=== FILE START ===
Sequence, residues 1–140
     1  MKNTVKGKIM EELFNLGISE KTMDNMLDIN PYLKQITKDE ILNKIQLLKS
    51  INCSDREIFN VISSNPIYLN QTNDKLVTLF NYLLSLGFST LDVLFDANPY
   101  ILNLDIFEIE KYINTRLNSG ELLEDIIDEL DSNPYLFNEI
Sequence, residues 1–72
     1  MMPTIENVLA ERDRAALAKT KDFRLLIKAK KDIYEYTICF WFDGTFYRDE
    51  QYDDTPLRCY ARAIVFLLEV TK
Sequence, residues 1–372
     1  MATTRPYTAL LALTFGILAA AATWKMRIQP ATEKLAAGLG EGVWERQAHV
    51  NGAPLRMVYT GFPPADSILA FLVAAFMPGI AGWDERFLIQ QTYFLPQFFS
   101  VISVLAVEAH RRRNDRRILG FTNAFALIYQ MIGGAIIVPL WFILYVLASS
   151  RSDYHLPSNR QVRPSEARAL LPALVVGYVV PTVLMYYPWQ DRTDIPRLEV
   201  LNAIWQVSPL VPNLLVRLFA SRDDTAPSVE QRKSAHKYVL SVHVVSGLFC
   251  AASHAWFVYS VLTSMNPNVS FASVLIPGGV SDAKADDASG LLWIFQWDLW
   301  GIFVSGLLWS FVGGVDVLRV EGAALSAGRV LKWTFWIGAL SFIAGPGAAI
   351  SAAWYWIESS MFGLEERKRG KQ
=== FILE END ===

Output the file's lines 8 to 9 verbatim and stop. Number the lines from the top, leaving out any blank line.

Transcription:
Sequence, residues 1–372
     1  MATTRPYTAL LALTFGILAA AATWKMRIQP ATEKLAAGLG EGVWERQAHV